Monday, October 2, 2023

Black Ball Club, home to the stars and setting their sights on keeping Egypt on top of the world

Ashraf Hanafi addresses the audience at the gala dinner after the CIB Black Ball Women’s Open tournament in March 2019

11 Points With Ashraf Hanafi: ‘Our target is to be the biggest squash club in the world’
By ALAN THATCHER – Squash Mad Editor

The Black Ball Sporting Club in New Cairo has enjoyed an outstanding first year of operations, staging two major professional tournaments and laying the foundations for future growth by implementing one of the world’s most advanced junior development programmes.

With an army of professional coaches, the Black Ball Club has set its sights on keeping Egypt in the seat of power for many years to come.

The phenomenal growth of Egypt as the world’s leading squash nation has been matched by the ambitions of this impressive club, with 19 courts, including a magnificent all-glass show court.

This spectacular arena has already hosted two star-studded PSA World Tour events which underscored Egypt’s prowess on the international stage. Karim Abdel Gawad beat Ali Farag in the final of the men’s tournament in December last year and Raneem El Welily toppled close rival Nour El Sherbini in the women’s event in March this year.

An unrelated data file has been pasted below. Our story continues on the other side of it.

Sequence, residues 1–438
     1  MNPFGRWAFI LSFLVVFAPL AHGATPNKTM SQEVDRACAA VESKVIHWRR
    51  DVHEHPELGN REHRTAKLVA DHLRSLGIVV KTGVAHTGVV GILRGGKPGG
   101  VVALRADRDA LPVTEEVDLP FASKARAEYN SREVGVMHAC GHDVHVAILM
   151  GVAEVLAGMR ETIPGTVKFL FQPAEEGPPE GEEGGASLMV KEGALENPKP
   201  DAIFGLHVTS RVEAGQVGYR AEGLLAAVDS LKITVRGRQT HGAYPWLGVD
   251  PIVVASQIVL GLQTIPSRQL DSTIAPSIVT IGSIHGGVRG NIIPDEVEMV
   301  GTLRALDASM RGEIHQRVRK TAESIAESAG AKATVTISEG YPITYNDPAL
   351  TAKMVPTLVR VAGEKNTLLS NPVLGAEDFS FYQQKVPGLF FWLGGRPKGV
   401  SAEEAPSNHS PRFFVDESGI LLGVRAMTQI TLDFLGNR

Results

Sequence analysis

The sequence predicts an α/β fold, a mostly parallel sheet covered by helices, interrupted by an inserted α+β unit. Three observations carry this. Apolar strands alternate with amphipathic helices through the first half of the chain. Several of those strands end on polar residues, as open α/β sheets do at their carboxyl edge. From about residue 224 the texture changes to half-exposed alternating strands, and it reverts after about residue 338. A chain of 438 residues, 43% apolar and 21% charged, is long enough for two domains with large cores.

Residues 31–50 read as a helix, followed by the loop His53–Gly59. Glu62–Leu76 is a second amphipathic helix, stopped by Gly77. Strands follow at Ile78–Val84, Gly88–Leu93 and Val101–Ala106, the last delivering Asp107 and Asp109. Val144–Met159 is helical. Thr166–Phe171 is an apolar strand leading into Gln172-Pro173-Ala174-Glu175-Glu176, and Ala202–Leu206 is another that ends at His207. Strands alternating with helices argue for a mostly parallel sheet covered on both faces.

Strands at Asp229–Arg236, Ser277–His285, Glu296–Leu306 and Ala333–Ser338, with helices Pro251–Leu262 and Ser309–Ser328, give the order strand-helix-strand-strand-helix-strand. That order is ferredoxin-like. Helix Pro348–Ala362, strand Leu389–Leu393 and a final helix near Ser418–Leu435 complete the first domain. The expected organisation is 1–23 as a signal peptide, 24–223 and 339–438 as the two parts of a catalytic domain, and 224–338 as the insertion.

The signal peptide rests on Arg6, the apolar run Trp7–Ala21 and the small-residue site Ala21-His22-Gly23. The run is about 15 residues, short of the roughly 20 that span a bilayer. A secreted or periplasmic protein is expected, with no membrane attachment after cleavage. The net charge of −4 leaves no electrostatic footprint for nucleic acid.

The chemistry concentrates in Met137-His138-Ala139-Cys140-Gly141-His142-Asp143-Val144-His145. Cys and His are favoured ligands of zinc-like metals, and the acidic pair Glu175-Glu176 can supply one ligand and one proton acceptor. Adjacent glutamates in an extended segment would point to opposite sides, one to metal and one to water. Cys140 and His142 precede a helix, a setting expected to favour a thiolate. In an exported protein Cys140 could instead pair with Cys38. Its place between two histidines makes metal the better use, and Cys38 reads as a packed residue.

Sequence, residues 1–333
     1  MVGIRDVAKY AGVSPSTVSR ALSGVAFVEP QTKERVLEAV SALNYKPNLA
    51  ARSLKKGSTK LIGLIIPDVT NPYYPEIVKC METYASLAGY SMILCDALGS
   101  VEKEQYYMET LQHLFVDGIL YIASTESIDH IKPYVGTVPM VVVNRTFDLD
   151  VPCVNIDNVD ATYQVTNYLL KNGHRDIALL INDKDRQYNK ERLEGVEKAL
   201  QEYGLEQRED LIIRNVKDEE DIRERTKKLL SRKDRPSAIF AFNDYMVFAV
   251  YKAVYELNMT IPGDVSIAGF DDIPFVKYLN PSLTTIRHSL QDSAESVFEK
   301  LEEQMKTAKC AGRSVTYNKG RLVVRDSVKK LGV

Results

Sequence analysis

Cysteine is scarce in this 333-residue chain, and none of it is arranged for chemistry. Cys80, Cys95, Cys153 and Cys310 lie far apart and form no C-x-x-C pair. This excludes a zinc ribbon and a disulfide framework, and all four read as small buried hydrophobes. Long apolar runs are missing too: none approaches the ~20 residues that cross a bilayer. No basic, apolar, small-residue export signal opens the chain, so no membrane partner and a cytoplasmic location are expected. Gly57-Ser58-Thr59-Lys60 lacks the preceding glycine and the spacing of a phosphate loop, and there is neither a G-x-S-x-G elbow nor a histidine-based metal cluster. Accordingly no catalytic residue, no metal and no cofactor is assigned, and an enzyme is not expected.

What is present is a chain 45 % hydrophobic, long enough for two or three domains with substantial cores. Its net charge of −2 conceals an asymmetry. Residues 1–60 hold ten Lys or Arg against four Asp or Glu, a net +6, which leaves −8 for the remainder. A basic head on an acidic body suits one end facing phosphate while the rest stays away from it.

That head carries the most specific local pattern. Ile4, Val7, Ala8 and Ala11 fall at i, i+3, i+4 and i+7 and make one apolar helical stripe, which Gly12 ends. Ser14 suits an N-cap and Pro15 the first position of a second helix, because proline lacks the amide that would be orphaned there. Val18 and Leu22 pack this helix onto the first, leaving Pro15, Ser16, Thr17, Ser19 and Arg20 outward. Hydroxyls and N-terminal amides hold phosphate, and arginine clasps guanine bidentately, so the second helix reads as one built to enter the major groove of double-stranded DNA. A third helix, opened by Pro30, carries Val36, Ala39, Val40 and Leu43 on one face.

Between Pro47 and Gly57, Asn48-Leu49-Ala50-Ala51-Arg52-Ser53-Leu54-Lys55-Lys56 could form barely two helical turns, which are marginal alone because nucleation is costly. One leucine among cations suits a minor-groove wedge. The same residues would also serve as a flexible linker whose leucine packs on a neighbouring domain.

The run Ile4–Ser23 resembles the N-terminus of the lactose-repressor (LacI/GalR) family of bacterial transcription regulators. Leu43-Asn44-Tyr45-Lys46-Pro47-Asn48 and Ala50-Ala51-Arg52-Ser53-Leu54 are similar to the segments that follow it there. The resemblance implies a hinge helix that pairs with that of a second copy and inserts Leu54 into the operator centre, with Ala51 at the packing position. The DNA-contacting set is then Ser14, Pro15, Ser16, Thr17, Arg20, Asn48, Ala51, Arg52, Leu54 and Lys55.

We have learned a lot about the workings of the organisation in this special Squash Mad interview:

11 Points With Ashraf Hanafi (Squash Director and Head of Performance at the Black Ball Sporting Club in New Cairo).

1: Ashraf, congratulations on a very successful first year or so of operations at the Black Ball Sporting Club. Please tell us how the club was founded?

A: Thank you for your greetings, but we still have a lot of new plans. The club was founded when some parents of some squash players decided to build a club for their kids to get training and their ambition was for the club to develop and become one of the best clubs in the country.

2: What is the management structure? Who are the key individuals (both corporate and staff?)

A: It’s a big management organization, a professional CEO Mr Mohamed Raef, club director Dr Hatem Mandour, squash director and many other departments including marketing, sales and security.

3: How many squash courts do you have? Which company constructed the courts? And how many spectators can you seat around your fantastic all-glass showcourt?

A: We have 19 courts including one full glass court, two three-sided glass courts, plus two doubles courts. All courts were built by Courtwall with Junckers flooring with their agent NoLet Squash & Tennis Club. We can seat 800 spectators around the Centre Court.

4: Besides squash, what other facilities do you have?

A: Gym, Gymnastics, Badminton, Swimming, Soccer and Taekwondo.

5: With Egypt so dominant in global squash terms, how many leading professional players are based at the club?

A: Some of the top players training in our club include Nour El Tayeb, Ali Farag, Karim Samy and Karim Fathy.  Our team players representing the club are: Marwan El Shorbagy, Saurav Ghosal, Shehab Essam, Shady El Sherbiny, Camille Serme, Salma Hany, Salma Hatem, Sabrina Sobhy (Amanda’s sister) and Menna Naser.